Business as usual for defiant Sepp Blatter despite reported impending suspension
Sepp Blatter will turn up for work at FIFA on Thursday despite facing a recommended 90-day provisional suspension by FIFA's ethics committee, according to his adviser.
Klaus Stohlker, a friend and adviser to Blatter, said ethics investigators had recommended a 90-day suspension for the 79-year-old but that the head of the adjudicatory chamber, German judge Joachim Eckert, has yet to make a final decision.
Reports in German newspaper Die Welt said UEFA president Michel Platini was also facing a possible provisional suspension.
Stohlker told Press Association Sport: "I have spoken to Mr Blatter. He is still the president, he is going into his office in FIFA on Thursday. These are times of trouble for him of course but he is feeling strong and confident.
"There is no suspension active. President Blatter was told he could be suspended for 90 days.
"The first floor [investigatory chamber] has taken the decision today - they have taken the decision. That's why the second [adjudicatory chamber] needs to take the decision."
A statement from 79-year-old Blatter's lawyers said however: "President Blatter has not been notified of any action taken by the FIFA ethics committee. We would expect that the ethics committee would want to hear from the president and his counsel, and conduct a thorough review of the evidence, before making any recommendation to take disciplinary action."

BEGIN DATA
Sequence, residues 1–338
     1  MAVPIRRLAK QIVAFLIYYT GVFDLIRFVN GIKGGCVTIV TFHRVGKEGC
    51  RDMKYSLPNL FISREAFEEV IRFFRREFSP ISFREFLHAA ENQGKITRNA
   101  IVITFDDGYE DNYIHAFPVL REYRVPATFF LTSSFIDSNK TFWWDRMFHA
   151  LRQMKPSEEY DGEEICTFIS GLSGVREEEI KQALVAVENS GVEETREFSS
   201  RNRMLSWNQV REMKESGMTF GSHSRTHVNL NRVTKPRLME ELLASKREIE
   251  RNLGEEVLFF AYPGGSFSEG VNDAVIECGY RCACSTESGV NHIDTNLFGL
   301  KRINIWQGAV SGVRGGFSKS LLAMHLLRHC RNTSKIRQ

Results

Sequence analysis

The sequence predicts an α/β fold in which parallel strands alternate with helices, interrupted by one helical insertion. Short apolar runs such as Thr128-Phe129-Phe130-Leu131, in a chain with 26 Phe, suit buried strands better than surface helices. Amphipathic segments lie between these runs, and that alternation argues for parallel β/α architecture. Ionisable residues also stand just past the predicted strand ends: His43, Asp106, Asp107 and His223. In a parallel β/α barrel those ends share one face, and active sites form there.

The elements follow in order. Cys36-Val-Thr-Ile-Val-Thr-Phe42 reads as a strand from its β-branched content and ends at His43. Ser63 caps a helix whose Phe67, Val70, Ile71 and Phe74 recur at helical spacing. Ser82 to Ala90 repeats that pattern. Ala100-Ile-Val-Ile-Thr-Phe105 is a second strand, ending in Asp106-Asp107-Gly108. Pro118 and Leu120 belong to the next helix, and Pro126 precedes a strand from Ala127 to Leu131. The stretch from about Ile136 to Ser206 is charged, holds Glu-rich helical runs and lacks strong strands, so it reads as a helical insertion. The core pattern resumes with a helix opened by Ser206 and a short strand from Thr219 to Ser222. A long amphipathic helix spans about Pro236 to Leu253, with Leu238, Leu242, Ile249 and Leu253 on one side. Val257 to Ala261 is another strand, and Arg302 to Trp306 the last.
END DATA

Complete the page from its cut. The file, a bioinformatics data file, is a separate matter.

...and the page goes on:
Blatter and Platini are being investigated by Swiss prosecutors and the ethics committee over a 2million Swiss franc (£1.35million) payment signed off by FIFA president Blatter to UEFA president Platini.
Blatter has had criminal proceedings opened against him by the Swiss attorney general over the case and for allegedly selling World Cup TV rights to former FIFA vice-president Jack Warner for 20 times below their true value.
Platini's status was described by attorney general Michael Lauber as being between "a witness and an accused person".
A provisional suspension of Platini by the ethics committee would throw the contest to succeed Blatter as FIFA president into chaos as the Frenchman was the favourite.
The Platini payment being investigated was made in February 2011 for work he carried out as Blatter's technical advisor more than nine years previously between 1999 and 2002.
UEFA's head of communications Pedro Pinton said Platini does not feel the need to publicly justify the nine-year delay in receiving the money.
Platini has not publicly explained the reason for such a lengthy delay beyond that when he started his role as Blatter's advisor in 1999 he was told "that it was not initially possible to pay the totality of my salary because of FIFA's financial situation at that time".
Platini says he is still determined to run for the FIFA president and that he has provided all the necessary information to the investigating authorities.